Anorexia — and eating disorders in general — are often considered disorders that only affect women and girls but this is wildly incorrect. While it’s true that disordered eating and body dysmorphia are more common in those who identify as women, men can have anorexia, too.
The primary reason for this misconception is that anorexia symptoms manifest themselves differently in males than they do in women. Therefore, anorexia in males can appear vastly different than mainstream expectations which have largely been shaped by female characters in pop culture. As a result, male signs of anorexia are frequently overlooked and often go undetected.
Anorexia Symptoms in Males vs. Females
The most common symptom of anorexia in males is excessive weightlifting, which may or may not be accompanied by strict restrictions on food intake or malnourishment, whereas anorexia in women is centered around severe restrictions on food intake.
A muscular physique can mask when a male is underweight, especially when they appear to be continuing to put on muscle. The natural differences between male and female physique (plus the perception that male bodies react quickly to diet and exercise) can make it more challenging to spot when physical changes have occurred due to undereating.
Many of the other behavioral signs of anorexia in males are also associated with the pursuit of fitness, though not all are. These may include:
- Extreme distress at the prospect of missing a workout
- Missing important events to stick to their fitness routine
- Working out despite illness or injury
- Constantly taking body measurements or weighing themselves
- Lack of interest in sex
- Severe dieting
However, the above behavior alone may not be enough to distinguish between an unhealthy obsession with physical fitness and anorexia nervosa. It’s helpful to also look for physical side effects which would primarily be caused by a lack of adequate food intake.
- Fatigue and exhaustion
- Hair loss
- Cold hands and feet
- Digestive issues
- Dry skin
Why do symptoms of anorexia differ by gender?
In both males and females, eating disorders are at least partially fueled by some level of pressure (which can be real or perceived) to fit a “societal ideal”. However, these ideals fall along gender norms: thinness for women, and a muscular physique for men (this may vary among specific communities).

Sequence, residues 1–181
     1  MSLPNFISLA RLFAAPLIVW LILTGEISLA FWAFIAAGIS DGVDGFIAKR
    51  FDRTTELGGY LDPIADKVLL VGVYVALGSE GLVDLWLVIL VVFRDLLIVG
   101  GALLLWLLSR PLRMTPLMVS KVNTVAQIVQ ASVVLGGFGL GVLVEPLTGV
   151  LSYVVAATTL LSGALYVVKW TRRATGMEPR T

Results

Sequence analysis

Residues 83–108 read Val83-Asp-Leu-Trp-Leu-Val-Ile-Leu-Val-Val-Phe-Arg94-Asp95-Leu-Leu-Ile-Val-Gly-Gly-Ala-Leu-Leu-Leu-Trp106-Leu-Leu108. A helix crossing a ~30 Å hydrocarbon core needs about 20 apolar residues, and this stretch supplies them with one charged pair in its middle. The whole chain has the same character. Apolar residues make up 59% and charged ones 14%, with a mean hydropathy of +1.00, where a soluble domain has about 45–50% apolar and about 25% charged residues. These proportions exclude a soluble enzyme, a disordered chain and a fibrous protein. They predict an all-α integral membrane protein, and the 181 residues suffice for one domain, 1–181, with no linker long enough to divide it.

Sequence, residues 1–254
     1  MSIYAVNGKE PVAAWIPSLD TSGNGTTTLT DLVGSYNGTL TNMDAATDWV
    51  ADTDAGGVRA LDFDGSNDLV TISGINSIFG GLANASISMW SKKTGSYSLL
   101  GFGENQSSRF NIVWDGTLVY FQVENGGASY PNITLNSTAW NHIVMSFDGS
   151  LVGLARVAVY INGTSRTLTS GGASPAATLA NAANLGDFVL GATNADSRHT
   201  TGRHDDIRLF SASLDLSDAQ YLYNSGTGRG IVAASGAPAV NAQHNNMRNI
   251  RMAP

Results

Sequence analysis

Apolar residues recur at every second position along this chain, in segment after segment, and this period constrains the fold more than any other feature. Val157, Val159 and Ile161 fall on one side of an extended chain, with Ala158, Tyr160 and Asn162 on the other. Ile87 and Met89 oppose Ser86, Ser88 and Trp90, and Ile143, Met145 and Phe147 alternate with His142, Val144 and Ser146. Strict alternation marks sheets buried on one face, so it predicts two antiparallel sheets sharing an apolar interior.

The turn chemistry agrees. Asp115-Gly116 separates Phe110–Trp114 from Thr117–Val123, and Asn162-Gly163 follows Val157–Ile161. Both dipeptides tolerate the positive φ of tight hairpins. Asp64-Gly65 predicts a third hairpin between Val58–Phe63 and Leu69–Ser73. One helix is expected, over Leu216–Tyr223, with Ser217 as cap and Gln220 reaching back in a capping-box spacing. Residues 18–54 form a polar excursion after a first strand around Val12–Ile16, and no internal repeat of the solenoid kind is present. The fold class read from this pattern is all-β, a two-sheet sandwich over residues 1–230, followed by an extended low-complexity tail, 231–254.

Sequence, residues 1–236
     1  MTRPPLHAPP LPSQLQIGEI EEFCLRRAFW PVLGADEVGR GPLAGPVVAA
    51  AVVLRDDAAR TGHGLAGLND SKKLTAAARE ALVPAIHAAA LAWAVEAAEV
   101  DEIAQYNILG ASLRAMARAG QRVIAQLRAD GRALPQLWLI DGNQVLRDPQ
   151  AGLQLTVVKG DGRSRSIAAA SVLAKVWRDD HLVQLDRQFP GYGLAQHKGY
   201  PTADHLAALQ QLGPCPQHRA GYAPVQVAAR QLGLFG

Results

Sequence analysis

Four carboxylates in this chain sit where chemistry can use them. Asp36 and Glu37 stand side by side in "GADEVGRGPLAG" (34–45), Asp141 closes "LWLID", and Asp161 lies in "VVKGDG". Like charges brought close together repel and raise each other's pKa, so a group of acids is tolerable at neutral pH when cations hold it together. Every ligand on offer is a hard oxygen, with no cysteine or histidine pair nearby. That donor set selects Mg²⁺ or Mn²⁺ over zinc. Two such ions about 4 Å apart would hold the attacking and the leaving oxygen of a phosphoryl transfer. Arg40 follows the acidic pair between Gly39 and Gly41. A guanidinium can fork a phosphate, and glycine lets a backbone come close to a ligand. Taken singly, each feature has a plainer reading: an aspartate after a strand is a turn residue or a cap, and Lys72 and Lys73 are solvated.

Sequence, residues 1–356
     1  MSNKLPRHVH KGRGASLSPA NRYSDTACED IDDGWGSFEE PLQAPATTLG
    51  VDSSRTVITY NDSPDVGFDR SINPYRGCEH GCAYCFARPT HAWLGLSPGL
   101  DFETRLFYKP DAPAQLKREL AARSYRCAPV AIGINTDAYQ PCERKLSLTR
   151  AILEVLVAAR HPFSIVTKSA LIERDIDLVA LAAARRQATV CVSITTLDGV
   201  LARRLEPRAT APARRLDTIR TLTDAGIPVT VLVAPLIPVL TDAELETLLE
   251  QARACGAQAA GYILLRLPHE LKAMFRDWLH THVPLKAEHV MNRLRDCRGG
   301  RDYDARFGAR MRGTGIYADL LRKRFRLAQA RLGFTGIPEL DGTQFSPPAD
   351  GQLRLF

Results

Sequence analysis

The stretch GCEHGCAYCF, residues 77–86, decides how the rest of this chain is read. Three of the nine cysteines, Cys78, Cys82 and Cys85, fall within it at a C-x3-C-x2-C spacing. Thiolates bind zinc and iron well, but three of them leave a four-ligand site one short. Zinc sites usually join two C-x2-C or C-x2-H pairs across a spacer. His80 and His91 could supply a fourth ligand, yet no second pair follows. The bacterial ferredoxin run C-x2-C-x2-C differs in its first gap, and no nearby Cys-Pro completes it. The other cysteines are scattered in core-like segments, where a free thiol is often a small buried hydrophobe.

There may be some overlap as eating disorders in women can also involve excessive exercise. However, since the end goals are different, women with anorexia are more likely to engage in cardio activities whereas men with anorexia tend to skew towards muscle-building strength training.
How Common is Anorexia in Males?
It’s estimated that approximately one million males suffer from anorexia nervosa. That number is likely much higher because research on anorexia in males is underlooked and social stigma can make men less likely to admit they need help.
It’s often stated that approximately 1 out of every 10 anorexia cases are male but more recent studies have found that figure to be closer to 1 out of every 4. Additionally, prevalence appears to increase significantly in older males aged 40 and up — a cohort whose eating disorder is even more likely to go undetected.
Male Anorexia Risk Factors
Certain populations also face an increased risk of anorexia. Gay and bisexual men are 10 times more likely to exhibit eating disorder behaviors than heterosexual men (though heterosexual women are still far more likely to have anorexia than gay men so, not being heterosexual does not inherently put someone at risk).
Professional athletes also face increased anorexia risk due to things like weight requirements, a grueling training schedule, or simply the pressure of being in the public eye. There have been several high-profile athlete deaths due to eating disorders. In most cases, however, athletes tend to have subclinical anorexia — meaning they exhibit many of the behaviors but do not fully meet the diagnostic criteria.
Another potential risk factor is weight history. Males who struggled with being overweight showed a greater likelihood of developing an eating disorder. In sharp contrast are anorexia, at-risk women who perceived themselves as being overweight prior to their eating disorder but actually were normal weight.
Treating Anorexia in Males
Anorexia is one of the deadliest eating disorders, but its mortality is particularly high for male cases due to the combination of strenuous exercise and undereating.
Treatment will first focus on restoring them back to physical health which can mean medical intervention or the restoration of a healthy body weight. Fixing disordered eating or body dysmorphia will require a longer-term approach that will likely involve some form of therapy like cognitive behavioral therapy (CBT) or dialectical behavioral therapy (DBT) and medication like anti-depressants.
To get started, talk to a mental health professional today who can properly diagnose male cases of anorexia and prescribe the correct treatment approach.